The Most Famous

SOCIAL ACTIVISTS from India

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This page contains a list of the greatest Indian Social Activists. The pantheon dataset contains 544 Social Activists, 37 of which were born in India. This makes India the birth place of the 3rd most number of Social Activists behind United States and United Kingdom.

Top 10

The following people are considered by Pantheon to be the top 10 most legendary Indian Social Activists of all time. This list of famous Indian Social Activists is sorted by HPI (Historical Popularity Index), a metric that aggregates information on a biography’s online popularity. Visit the rankings page to view the entire list of Indian Social Activists.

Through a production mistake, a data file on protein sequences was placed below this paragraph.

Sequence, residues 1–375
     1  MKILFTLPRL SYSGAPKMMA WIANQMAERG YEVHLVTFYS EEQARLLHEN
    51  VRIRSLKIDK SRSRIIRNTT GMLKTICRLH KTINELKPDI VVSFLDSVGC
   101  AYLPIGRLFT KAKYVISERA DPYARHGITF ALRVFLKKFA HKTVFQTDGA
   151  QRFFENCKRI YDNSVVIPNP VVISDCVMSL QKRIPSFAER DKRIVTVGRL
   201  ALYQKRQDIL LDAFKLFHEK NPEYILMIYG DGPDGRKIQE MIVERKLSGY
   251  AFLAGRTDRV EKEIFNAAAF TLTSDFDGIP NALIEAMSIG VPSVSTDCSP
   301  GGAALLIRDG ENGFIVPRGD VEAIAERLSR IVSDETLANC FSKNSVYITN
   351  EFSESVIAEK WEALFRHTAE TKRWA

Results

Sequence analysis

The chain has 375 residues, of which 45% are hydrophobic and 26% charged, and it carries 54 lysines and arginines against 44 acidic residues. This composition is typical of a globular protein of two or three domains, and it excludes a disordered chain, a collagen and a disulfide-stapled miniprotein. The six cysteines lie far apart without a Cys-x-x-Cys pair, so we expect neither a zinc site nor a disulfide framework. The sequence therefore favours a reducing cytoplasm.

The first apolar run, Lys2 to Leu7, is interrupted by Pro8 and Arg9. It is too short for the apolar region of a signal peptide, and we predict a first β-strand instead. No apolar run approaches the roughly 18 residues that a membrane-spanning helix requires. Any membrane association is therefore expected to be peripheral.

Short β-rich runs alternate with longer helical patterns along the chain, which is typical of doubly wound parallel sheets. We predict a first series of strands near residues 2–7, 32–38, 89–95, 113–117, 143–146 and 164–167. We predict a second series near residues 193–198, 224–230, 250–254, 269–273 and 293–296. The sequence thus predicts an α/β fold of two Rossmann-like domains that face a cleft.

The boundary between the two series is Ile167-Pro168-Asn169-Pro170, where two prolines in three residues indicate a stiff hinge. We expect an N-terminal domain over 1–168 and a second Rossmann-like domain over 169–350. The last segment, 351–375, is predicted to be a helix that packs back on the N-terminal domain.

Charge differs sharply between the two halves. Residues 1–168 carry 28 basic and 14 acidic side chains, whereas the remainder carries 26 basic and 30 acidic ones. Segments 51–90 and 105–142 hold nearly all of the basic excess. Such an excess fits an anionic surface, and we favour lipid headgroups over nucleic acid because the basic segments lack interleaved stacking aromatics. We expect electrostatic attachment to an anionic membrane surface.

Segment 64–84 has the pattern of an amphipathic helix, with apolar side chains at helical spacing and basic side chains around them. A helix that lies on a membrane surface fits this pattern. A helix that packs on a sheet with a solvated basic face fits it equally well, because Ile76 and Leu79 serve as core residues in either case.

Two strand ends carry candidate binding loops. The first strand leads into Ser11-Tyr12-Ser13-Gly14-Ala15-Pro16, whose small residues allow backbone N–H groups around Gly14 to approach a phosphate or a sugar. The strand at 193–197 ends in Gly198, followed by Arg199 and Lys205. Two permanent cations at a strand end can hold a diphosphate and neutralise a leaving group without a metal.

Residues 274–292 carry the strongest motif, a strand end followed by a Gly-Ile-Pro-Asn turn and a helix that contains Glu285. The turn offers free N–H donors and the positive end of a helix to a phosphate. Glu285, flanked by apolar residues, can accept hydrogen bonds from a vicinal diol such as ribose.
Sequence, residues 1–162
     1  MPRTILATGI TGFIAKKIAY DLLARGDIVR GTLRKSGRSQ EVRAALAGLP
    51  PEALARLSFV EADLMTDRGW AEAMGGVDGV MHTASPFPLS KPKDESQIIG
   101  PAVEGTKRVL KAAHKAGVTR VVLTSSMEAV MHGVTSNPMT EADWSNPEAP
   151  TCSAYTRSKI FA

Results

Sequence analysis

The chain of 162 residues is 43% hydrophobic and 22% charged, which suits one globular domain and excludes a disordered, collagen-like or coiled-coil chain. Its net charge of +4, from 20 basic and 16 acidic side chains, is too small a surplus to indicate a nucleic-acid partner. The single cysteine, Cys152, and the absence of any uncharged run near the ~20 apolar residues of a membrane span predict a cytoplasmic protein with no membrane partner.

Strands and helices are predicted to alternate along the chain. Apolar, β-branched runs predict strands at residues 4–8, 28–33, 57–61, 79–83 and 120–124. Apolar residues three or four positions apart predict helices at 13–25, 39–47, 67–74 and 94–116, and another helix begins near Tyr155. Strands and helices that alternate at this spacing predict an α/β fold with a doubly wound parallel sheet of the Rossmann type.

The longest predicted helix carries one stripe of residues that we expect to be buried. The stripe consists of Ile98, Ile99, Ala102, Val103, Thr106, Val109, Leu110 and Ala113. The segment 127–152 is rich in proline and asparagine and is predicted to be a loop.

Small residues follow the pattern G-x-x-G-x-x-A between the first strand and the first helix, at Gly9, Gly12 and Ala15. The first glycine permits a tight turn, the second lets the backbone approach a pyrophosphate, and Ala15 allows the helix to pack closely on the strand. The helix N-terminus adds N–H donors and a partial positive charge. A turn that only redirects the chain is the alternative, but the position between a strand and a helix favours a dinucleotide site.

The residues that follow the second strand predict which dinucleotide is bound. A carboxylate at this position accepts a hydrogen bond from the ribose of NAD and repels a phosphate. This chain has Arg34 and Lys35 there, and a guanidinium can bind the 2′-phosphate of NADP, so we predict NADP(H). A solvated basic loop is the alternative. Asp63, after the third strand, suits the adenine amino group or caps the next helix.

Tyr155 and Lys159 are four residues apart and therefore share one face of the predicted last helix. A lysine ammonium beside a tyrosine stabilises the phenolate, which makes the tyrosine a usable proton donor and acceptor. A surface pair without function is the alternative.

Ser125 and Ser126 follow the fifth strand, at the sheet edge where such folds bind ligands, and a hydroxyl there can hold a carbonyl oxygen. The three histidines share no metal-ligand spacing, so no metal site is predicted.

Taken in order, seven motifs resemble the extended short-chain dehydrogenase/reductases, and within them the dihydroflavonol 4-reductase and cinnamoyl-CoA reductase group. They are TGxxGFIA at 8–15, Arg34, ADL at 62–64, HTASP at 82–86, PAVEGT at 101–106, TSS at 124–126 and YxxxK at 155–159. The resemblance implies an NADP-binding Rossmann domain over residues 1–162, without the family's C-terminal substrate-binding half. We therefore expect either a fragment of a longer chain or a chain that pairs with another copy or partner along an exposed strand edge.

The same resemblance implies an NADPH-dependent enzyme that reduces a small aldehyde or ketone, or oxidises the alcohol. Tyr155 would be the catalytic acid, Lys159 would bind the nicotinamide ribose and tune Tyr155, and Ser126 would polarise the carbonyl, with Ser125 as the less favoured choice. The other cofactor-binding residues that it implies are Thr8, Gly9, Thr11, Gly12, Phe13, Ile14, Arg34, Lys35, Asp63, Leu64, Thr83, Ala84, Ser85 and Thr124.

Photo of Mahatma Gandhi

1. Mahatma Gandhi (1869 - 1948)

With an HPI of 91.71, Mahatma Gandhi is the most famous Indian Social Activist.  His biography has been translated into 184 different languages on wikipedia.